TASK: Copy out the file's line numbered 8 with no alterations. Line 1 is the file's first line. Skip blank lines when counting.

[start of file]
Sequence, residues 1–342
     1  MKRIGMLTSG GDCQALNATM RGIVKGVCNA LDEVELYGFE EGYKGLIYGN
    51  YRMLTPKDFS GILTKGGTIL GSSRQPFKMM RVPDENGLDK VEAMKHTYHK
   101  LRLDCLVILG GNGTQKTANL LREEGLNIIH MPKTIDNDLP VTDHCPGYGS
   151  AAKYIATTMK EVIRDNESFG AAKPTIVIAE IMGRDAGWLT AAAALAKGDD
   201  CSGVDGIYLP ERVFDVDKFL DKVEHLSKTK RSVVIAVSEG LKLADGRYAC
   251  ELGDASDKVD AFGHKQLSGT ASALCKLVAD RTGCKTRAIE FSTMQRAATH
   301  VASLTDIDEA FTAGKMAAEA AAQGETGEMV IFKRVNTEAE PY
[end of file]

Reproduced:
   301  VASLTDIDEA FTAGKMAAEA AAQGETGEMV IFKRVNTEAE PY